As a Professional Engineer I was interested in testing all the claims for Radiant Barriers and Paintable Radiant Barriers, before I installed one in my own home. I tested the following 4 products, 3 paintable radiant barriers and 1 foil barrier over the course of about a year. The foil worked well for the equivalent of the first 2 years on an accelerated testing program. This involved adding dust over the course of 3 months. Effectiveness dropped to 46% for a 5 year period.
The next test was a paintable radiant barrier "Radiance," according to the product MSDS sheet the formulation contains "Formaldehyde" the product tested well but I would not subject my family or employees to this chemical. I also found some of the graphs and charts on their website useless and full of discrepancies.
Next product test was "Heatshield" www.heatshieldr20.com the website is full of a tremendous amount of misinformation. According to their MSDS the product has a 300 psi crush strength but claim it can be sprayed. We tested using a Graco 795 airless sprayer, with an average operating pressure of 2,571 psi at the tip. A density test was performed, it showed 58% of the glass bubbles were crushed at this pressure. The product worked well when applied by roller, but rated very low when sprayed.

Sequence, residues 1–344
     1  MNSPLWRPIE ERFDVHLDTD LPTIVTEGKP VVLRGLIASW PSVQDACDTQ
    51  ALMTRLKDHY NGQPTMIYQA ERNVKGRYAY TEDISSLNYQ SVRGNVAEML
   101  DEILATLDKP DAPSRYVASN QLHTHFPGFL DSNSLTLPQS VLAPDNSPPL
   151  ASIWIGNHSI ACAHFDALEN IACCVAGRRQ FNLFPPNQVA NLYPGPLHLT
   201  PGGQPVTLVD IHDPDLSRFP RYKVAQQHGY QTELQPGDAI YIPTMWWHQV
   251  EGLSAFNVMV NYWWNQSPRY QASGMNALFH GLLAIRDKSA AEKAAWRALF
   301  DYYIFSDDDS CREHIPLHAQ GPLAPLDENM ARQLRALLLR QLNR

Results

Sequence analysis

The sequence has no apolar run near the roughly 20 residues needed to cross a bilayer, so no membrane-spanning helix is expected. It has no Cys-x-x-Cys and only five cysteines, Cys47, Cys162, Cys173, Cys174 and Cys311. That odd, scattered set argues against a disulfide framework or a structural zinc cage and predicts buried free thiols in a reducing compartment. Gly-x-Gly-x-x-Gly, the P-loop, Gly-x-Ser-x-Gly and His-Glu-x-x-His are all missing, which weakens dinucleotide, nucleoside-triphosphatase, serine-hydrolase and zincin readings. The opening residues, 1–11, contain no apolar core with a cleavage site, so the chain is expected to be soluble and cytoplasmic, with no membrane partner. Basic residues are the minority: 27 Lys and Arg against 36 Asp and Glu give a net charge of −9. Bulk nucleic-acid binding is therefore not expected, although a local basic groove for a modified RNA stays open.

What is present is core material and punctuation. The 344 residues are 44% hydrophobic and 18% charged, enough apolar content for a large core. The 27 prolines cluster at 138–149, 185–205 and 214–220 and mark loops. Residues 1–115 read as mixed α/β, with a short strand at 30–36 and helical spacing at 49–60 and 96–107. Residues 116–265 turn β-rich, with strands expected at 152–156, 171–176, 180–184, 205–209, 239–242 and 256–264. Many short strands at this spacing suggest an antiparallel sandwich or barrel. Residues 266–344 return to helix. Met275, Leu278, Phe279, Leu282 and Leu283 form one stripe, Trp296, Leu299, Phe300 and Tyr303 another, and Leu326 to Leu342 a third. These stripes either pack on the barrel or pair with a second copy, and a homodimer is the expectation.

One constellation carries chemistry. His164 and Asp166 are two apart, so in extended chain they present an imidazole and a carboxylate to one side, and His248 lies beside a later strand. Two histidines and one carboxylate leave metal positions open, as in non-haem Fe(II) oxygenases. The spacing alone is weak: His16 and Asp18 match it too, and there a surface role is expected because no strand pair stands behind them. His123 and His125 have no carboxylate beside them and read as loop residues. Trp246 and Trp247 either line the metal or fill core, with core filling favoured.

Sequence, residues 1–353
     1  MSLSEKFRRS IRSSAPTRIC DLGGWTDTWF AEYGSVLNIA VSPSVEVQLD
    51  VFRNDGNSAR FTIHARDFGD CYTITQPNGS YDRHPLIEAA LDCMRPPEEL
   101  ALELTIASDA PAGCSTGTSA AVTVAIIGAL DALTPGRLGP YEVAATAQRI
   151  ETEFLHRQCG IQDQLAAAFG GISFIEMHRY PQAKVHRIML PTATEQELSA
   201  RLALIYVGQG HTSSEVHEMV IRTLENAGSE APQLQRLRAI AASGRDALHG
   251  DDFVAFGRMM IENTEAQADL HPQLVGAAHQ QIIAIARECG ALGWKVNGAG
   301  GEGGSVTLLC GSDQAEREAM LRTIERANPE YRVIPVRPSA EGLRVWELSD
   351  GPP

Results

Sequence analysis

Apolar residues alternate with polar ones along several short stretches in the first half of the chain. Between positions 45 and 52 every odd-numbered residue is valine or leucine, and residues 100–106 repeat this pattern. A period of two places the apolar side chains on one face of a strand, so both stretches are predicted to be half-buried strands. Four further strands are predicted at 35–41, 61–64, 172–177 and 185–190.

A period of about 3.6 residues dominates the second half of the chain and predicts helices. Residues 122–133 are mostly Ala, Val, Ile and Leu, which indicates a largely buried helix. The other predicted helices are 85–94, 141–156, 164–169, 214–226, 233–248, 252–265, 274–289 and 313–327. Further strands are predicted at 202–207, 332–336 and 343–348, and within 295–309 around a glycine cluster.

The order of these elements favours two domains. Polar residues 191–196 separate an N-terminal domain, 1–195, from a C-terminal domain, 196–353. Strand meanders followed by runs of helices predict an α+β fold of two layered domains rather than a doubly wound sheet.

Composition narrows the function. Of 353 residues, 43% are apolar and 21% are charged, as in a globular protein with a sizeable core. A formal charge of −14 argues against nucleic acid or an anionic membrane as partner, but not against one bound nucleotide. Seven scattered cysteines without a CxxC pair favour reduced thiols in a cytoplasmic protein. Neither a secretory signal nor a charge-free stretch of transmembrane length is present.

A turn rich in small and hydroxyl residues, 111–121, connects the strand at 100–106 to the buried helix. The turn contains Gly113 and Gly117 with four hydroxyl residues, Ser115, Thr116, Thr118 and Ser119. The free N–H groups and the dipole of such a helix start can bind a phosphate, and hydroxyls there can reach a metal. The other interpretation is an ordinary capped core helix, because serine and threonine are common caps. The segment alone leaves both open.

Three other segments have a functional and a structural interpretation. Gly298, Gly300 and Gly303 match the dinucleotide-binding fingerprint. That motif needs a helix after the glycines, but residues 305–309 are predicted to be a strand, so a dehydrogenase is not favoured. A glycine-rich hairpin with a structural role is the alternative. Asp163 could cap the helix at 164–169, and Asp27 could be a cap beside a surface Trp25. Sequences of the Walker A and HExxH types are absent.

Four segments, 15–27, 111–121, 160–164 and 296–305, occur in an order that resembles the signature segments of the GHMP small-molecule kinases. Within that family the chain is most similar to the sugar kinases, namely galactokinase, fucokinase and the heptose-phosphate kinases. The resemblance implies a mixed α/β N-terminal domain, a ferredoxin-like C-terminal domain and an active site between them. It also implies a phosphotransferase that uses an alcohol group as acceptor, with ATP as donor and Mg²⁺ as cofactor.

The last product tested was Radiosity 3000, www.Radiosity.biz the website is a true presentation of the product (no unsubstantiated space age claims). According to the MSDS the product has a crush strength of 3,000 as the name implies. Same testing was performed as above, using the same Graco airless at an average operating pressure of 2,579 psi at the tip. Doing the same density test 3.2% of the bubbles were crushed. I had a contractor apply Radiosity in my attic this past spring. My summer A/C bills have been 31% lower than the same 4 months last year.
My interior and exterior will be painted next year, after seeing the results I've seen with this product I will have it mixed in with both interior and exterior paint.
William Bonnell Ph.D. PE
I found this action by the FTC against a company marketing insulative ceramic paint products... makes me wonder whether this stuff is all hype:
I have been investigating Radiant Barrier for my home in the SW and find the demonstrations impressive, yet, I hope someone, (other than a person who sells this stuff), can answer my questions. First the plan was to tack this to the roof deck a few inches short of the peak and a few inches short of the ceiling level to allow air to pass upward from the attic and bird board holes. Next having a vent on the side of the attic peak to allow air to pass through. Now the important question. If this reflects such potentially damaging rays and heat, does the 4" air space between the foil and my plywood and shingles provide enough protection to not damage my roof and shingles? and I heard the effectiveness drops in 5 years by 46% due to dust, is that true, and finally what is the expected effectiveness? I have hear up to 30% reduction of strain on the A/C not necessarily reflective in your bill. I am mainly after a cooler home without the A/C running too much during the worst months. Last, does your house have a harder time heating in winter due to this foil.
Spray on Sealer/ radiant barriers
radiant barrier chips
Radiant barrier or foam board to fix cold floor abov...
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